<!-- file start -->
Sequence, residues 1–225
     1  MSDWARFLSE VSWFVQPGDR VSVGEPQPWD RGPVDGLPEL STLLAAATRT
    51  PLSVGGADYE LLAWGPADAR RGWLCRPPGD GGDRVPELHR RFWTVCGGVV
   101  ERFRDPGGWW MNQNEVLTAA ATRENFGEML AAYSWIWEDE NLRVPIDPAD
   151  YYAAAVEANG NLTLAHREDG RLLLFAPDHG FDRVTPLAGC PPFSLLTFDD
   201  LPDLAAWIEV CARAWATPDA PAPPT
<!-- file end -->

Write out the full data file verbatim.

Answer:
Sequence, residues 1–225
     1  MSDWARFLSE VSWFVQPGDR VSVGEPQPWD RGPVDGLPEL STLLAAATRT
    51  PLSVGGADYE LLAWGPADAR RGWLCRPPGD GGDRVPELHR RFWTVCGGVV
   101  ERFRDPGGWW MNQNEVLTAA ATRENFGEML AAYSWIWEDE NLRVPIDPAD
   151  YYAAAVEANG NLTLAHREDG RLLLFAPDHG FDRVTPLAGC PPFSLLTFDD
   201  LPDLAAWIEV CARAWATPDA PAPPT